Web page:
I’m in print. At last, it is finished. In July and August 2013 I interviewed a wide range of finance executives to research why they had implemented iPOS for SunSystems and what had motivated their spend control projects. My report is complete and I am in print!
The one thing in common for all the businesses is they use Infor SunSystems as their general ledger and financial accounting system and have implemented iPOS to improve their spend control. For those of you that took part, thank you very much, and heartfelt apologies that I have made you all wait so long to see the results! And be heartened, you are all in good company, your goals and aspirations are the same as others of your ilk. As always, there are a few ahead of the pack in their thinking and vision. And of course a few at the back of the pack working hard to align people, process and systems to reap the benefits you know are in reach now.
The following is the first page of my report. You can download the 2013 Lessons from the iPOS user base report from our resources page.
At a glance – trouble and growth trigger eProcurement
Trouble and growth are the two key business states that compel executives to improve their purchasing function.
Trouble manifests itself differently for the three sets of purchasing stakeholders. For management, it means dirty data, delays in period closing and a lack of procedural control. Trouble for suppliers means experiencing late payment and regularly calling to chase their invoice status. For staff, problems in accounts payable manifest as tedious shortcuts, spreadsheet reconciliations, unforeseen liabilities and chasing paper and approvers around the organisation. A troubled AP function constantly delays and frustrates any chance of a ‘fast close’.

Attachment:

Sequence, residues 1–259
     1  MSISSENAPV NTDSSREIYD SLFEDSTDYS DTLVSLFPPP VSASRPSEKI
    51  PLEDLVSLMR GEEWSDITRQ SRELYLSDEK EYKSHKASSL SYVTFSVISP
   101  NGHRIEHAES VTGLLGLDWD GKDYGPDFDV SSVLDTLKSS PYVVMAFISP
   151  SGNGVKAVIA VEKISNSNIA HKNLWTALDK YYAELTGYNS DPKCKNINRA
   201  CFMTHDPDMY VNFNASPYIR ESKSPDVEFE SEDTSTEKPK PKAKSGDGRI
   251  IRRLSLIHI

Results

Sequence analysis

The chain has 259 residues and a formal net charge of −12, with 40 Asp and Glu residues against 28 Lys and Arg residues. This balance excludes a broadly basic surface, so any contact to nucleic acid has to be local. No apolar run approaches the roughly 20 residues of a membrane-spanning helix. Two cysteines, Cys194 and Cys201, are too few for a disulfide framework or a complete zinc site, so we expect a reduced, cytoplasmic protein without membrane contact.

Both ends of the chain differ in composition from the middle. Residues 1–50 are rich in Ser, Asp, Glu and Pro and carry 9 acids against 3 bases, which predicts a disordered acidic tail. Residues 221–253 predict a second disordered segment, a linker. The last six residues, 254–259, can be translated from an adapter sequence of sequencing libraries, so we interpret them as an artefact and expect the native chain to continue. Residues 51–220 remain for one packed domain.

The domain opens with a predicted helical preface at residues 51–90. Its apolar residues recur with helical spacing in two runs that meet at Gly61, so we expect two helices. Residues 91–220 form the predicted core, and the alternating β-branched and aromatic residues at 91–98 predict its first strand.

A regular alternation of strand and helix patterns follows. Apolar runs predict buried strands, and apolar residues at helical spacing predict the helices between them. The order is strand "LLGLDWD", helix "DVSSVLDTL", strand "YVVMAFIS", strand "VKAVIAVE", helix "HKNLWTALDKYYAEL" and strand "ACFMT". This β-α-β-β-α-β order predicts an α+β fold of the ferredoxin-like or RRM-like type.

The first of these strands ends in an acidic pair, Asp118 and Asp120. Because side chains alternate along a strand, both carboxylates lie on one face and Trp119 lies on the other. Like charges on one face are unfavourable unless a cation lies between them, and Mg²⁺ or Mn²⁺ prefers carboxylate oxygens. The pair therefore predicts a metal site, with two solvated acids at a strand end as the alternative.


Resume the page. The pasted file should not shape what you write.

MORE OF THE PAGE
In the trouble-state executives tend not to have a particularly clear or strategic vision. Management wants to tighten the controls on spend and improve auditability of the processes. People addressing the trouble-state are typically fixing the inadequacy of their purchasing processes.
In contrast, growth manifests itself by resource constraint. The current processes are not necessarily flawed but throughput has maxed out; it is not possible to do more with the current people, methods and systems. The issue is scalability. Where growth is the need there appears to be a more considered project underpinned by strategic objectives and a roadmap of improvement. Management initiate growth projects to evolve the practice and improve the performance of the AP function.
Although these business states and problems manifest differently the solution is the same. Both of them trigger the need for an eProcurement system to introduce automation and predictability, accuracy and control. My observation is that projects that started from trouble are becoming more strategic. For many companies the act of addressing the trouble-state has a knock-on effect of triggering broader proactive improvements, and coincidently setting them up for growth.
This is the first page from my recent research white paper called 2013 Lessons from the iPOS user base and you can download the whole document from our resources page here.
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